FBI Sting With Fake Sex-Slave Auction Focus On New Trafficking Threat


A sting featuring a fake sex-slave auction in Arizona has uncovered what authorities say is a little-known human-trafficking threat while bringing criticism of increasingly elaborate undercover operations, the Wall Street Journal reports. Four men have been charged with federal trafficking offenses for attempting to buy slaves at a fictitious auction set up by the FBI in a wealthy Phoenix suburb. Undercover agents reached out to the men after they had allegedly shown interest in buying sex slaves through a separate online Malaysian slave-trading organization the FBI was investigating, which turned out to be a scam.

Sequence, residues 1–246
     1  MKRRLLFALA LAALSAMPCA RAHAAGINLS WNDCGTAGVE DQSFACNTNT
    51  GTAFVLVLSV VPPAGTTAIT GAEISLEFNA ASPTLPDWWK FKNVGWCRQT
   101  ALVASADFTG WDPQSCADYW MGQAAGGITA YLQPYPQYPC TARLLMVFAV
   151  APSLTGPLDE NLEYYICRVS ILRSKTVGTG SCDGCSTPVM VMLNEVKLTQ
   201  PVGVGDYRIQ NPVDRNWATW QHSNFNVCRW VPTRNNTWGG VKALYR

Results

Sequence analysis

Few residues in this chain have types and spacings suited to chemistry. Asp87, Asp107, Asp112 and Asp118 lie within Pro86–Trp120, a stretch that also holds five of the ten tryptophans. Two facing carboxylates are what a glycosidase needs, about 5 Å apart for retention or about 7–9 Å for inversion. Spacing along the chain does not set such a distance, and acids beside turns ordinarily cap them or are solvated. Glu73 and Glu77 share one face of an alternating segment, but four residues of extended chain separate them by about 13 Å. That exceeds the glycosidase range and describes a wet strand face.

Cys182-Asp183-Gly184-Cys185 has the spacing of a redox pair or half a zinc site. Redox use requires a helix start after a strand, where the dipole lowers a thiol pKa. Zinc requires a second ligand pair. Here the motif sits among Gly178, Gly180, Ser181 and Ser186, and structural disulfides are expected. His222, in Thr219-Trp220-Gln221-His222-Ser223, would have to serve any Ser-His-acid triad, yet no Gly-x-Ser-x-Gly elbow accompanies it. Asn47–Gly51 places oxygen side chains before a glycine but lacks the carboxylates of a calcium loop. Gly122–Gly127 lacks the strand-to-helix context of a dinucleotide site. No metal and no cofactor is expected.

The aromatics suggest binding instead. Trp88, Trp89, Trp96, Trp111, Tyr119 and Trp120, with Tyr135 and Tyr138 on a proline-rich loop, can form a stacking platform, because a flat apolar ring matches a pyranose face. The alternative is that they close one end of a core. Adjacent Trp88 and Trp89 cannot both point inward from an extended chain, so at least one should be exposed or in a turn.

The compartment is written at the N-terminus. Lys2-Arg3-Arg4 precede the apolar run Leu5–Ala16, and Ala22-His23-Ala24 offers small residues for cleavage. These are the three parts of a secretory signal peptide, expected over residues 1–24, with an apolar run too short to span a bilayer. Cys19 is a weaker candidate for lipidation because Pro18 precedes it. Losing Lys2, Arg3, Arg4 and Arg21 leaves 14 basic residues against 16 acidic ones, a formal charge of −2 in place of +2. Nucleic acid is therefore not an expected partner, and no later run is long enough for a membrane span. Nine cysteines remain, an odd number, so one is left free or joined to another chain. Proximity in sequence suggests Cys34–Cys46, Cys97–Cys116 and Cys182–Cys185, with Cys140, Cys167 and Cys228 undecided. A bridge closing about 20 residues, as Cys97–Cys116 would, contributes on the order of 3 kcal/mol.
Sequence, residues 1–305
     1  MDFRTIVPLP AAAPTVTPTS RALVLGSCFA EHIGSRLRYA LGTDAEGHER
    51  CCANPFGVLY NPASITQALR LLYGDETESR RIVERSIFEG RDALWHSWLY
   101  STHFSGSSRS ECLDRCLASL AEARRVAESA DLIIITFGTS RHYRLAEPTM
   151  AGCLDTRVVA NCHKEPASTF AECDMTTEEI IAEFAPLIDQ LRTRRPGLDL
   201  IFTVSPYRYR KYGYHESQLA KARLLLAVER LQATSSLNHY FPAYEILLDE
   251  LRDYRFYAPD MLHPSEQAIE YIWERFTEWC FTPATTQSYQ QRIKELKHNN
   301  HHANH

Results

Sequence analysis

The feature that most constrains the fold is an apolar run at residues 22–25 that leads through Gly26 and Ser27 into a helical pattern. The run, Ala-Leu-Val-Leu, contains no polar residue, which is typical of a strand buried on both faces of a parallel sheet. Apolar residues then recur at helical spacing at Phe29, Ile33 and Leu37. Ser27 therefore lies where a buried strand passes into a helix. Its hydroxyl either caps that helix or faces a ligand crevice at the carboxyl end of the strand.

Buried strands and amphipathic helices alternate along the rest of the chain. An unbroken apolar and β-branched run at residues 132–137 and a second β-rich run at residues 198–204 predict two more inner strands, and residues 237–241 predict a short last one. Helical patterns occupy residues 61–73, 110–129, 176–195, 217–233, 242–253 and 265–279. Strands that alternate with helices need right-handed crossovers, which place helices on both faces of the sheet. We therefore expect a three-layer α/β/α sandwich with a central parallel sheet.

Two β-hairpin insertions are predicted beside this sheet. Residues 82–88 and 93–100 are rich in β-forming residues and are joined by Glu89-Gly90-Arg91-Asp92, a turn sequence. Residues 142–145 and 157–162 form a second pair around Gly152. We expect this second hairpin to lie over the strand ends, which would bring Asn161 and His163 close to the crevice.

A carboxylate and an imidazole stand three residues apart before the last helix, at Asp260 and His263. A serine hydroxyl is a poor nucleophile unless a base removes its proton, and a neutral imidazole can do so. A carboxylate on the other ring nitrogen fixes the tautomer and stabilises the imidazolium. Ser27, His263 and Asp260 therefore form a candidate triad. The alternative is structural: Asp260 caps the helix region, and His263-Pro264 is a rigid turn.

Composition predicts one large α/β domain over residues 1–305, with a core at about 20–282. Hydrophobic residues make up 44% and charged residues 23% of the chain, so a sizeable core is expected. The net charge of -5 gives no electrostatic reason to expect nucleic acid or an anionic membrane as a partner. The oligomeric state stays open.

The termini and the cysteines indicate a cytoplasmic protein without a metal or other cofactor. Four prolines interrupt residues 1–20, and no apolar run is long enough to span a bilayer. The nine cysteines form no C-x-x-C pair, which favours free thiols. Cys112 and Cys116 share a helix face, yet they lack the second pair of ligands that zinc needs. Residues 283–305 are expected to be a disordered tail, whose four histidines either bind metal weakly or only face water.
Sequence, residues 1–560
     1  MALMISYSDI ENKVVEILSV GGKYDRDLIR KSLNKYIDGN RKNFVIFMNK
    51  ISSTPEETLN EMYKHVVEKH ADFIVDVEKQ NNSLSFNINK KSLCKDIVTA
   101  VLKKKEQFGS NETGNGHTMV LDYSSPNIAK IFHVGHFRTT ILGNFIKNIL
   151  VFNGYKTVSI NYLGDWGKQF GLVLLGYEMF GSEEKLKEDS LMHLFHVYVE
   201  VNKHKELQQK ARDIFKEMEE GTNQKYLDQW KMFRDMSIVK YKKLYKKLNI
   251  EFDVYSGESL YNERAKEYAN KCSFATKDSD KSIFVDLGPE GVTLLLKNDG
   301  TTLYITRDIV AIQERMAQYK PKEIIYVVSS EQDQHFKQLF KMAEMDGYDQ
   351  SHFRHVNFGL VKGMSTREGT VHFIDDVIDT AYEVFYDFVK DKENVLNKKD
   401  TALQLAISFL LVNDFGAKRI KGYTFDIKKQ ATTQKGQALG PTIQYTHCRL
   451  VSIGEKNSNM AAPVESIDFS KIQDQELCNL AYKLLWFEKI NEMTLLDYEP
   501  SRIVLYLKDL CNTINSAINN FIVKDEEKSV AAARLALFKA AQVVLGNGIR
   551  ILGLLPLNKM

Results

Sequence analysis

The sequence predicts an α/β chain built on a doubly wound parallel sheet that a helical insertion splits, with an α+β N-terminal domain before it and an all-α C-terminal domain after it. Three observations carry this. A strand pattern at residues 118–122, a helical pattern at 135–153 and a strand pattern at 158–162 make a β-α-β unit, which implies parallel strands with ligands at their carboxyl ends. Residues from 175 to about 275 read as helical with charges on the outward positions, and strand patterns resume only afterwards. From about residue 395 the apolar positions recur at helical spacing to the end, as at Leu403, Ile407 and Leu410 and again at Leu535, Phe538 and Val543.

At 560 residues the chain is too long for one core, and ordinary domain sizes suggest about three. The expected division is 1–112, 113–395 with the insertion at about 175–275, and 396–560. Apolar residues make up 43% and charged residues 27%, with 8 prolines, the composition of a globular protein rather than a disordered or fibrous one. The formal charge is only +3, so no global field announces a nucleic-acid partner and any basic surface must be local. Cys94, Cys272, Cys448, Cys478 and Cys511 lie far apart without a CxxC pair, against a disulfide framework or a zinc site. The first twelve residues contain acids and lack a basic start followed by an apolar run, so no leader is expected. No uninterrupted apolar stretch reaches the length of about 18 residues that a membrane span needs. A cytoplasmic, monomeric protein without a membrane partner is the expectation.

The sting operation run by the FBI and Phoenix police comes amid a broader effort to tackle trafficking that has focused largely on children forced into the commercial sex trade. FBI agent George Steuer called it a landmark case. “We came to realize that there was a portion of the human-trafficking threat that we were underappreciating,” he said. “We realized that there was this group of individuals in the U.S. who were interested in owning a human slave both for sexual exploitation and domestic labor.” Defense lawyers say the investigation went too far by inducing the indicted men to attempt crimes they otherwise wouldn’t have pursued. “I thought I’d heard of everything until I got this case,” said George Klink, a Phoenix attorney for one of the men. “It’s an awful waste of resources.”

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